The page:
In the Drivers Seat – Tour Leader Michael


Our ‘In the Driver Seat’ series will provide some insight into our wonderful Tour Leaders. You’ll learn about their time before they took to the road and what they like about Scotland too. Today we introduce you to our Tour Leader Michael.

Tour Leader Michael in the Driver Seat

Q. What is your name and how long have you been a Tour Leader with Discover Scotland Tours?

A. I’m known as Michael (The Kilt Man) O’Brien and I’ve been a Tour Leader for a very short 5 years.

Tour Leader Michael exploring Scotland
St Conan's Kirk

Q.  Can you recall a particular tour that you really enjoyed?

A. I like to think that when on tour I try to make every trip special for every individual on my bus. Our 1 day tour to Oban and the Western Highlands is my favourite tour, and one of the reasons for this is that we get to visit a place called St Conan’s Kirk. It’s not mentioned on the tour itinerary because it’s not always possible to visit, (private function, wedding, funeral). However, when possible I always visit. I remember telling the story to a group of elderly ladies, how a son who loved his mother so much that he built her her own private Kirk (church)

I told them that the son wasn’t a qualified architect, he was self taught. He built it himself with stone that came from the mountain that overlook the kirk. I told them about the separate parts of the kirk, how he furnished the kirk with items from around the world (Dolphin Chairs from Vienna, a stained glass window he found in a graveyard in Edinburgh) to name but a few.

That when he died he was laid to rest in his very own part of the kirk.

They were so excited to get there. Let me tell you they were not disappointed I literally had to drag them out of the kirk, they all said that they would come back one day and spend a lot longer at the kirk, I can’t blame them.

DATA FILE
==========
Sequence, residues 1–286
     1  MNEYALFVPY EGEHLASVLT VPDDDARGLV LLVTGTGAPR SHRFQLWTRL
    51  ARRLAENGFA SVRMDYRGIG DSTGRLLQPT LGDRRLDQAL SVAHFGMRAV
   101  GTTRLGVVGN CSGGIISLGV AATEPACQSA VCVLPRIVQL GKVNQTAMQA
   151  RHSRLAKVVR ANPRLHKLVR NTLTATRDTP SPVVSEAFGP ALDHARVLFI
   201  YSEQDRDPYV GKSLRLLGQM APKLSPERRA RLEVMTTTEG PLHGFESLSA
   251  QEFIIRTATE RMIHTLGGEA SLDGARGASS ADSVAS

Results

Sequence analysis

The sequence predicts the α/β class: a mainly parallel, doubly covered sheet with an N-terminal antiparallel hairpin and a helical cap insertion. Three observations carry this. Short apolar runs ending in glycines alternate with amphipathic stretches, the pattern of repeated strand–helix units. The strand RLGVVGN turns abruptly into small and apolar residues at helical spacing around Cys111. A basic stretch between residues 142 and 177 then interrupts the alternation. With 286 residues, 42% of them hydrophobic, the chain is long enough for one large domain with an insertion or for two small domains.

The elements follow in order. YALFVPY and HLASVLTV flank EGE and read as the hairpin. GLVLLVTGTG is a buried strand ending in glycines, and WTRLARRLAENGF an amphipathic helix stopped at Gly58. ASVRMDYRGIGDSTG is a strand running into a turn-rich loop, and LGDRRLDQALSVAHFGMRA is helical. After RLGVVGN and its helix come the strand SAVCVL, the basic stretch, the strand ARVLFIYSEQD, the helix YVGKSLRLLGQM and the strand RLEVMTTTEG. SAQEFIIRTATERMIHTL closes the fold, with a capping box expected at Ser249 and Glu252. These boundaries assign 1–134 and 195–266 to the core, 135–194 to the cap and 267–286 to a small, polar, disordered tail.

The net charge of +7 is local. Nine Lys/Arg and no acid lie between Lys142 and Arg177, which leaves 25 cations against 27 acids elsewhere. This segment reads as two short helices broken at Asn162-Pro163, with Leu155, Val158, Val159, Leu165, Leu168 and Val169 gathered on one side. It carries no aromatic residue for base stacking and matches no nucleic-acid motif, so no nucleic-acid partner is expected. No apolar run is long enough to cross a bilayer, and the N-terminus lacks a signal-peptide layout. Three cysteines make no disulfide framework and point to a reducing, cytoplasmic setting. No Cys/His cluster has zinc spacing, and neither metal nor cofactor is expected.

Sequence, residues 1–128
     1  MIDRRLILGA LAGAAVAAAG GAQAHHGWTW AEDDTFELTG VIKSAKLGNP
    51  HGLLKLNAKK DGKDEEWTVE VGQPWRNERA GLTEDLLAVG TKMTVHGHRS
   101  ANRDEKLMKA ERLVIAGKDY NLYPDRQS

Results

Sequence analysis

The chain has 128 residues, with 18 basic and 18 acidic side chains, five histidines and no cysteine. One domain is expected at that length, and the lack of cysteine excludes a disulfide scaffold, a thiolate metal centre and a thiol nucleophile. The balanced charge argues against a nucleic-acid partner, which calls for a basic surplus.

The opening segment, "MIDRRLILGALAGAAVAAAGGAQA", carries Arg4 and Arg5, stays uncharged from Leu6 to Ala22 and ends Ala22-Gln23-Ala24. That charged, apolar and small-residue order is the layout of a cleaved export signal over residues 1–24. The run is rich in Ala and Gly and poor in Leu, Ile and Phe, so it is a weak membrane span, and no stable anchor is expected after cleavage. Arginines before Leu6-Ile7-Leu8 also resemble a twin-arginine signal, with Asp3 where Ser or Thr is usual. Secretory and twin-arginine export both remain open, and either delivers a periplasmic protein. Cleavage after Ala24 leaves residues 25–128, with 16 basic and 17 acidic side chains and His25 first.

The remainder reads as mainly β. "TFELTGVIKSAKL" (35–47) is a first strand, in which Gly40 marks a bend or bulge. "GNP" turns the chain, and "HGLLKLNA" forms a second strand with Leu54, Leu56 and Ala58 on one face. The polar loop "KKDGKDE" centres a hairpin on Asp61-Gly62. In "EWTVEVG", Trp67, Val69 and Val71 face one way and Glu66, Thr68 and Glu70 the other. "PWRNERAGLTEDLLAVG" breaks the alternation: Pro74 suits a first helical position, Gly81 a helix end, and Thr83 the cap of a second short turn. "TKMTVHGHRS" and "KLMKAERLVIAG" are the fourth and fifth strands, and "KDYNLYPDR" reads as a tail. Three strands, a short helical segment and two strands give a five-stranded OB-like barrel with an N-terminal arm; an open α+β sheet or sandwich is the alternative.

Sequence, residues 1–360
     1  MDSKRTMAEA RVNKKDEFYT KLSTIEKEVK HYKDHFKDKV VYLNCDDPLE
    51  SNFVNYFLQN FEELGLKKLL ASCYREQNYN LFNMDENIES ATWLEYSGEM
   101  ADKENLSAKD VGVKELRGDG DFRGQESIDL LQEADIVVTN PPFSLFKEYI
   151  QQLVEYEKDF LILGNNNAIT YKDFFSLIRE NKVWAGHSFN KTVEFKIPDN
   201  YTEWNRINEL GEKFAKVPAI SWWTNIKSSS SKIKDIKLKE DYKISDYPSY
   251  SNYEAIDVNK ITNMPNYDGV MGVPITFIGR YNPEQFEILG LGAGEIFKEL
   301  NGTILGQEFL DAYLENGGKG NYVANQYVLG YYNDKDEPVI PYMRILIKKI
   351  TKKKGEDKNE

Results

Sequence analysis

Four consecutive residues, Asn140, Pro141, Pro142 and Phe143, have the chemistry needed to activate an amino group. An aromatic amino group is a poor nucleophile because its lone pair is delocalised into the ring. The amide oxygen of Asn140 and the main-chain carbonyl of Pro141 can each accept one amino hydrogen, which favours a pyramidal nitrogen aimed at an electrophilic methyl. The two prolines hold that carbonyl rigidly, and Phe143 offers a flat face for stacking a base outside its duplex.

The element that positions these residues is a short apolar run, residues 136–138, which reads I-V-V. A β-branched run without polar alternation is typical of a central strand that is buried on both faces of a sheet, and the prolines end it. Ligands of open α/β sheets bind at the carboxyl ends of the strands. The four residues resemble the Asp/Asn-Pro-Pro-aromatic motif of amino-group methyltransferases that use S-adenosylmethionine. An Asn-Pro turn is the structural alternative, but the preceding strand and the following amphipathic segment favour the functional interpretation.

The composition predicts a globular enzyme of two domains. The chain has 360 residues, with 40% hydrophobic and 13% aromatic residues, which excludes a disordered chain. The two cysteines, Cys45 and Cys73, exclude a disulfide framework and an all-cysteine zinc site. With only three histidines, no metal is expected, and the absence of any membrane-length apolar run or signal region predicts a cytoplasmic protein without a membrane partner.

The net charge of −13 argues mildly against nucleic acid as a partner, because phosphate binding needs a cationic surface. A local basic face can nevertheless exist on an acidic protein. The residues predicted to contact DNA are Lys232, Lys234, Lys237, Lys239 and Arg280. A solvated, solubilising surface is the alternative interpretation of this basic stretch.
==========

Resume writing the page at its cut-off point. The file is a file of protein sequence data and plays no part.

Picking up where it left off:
Q. If you had to choose one viewpoint in Scotland to photograph, where would it be and why? 

A. Ratagan Pass. This viewpoint comes high on my list as it is a place that I have happy associations with. Sailing from the Isle of Skye you get a small ferry over Loch Duich to Glen Elg. You then climb up a single track road that weaves its way in true alpine fashion over the Ratagan Pass to Glen Elg. About three quarters of the way to the 350m summit of the pass, you arrive at. a car park with glorious views towards the Five Sister of Kintail.

The sisters are a popular mountain ridge for climbers and they get their name from a local legend. According to folklore, there were originally seven beautiful sisters, but 2 of the prettiest ones were taken as wives by 2 Irish brothers who promised that their brothers would return to wed the 5 sisters left behind. The 5 sisters waited for several months and then eventually lost hope that their suitors would arrive, but as an insurance policy they asked a witch to ensure that they would retain their beauty until the brothers arrived. The witch did protect their beauty, but did so by turning them into stone. That’s what you see before you from the view point, 5 mountains standing shoulder to shoulder looking out to sea…..Amazing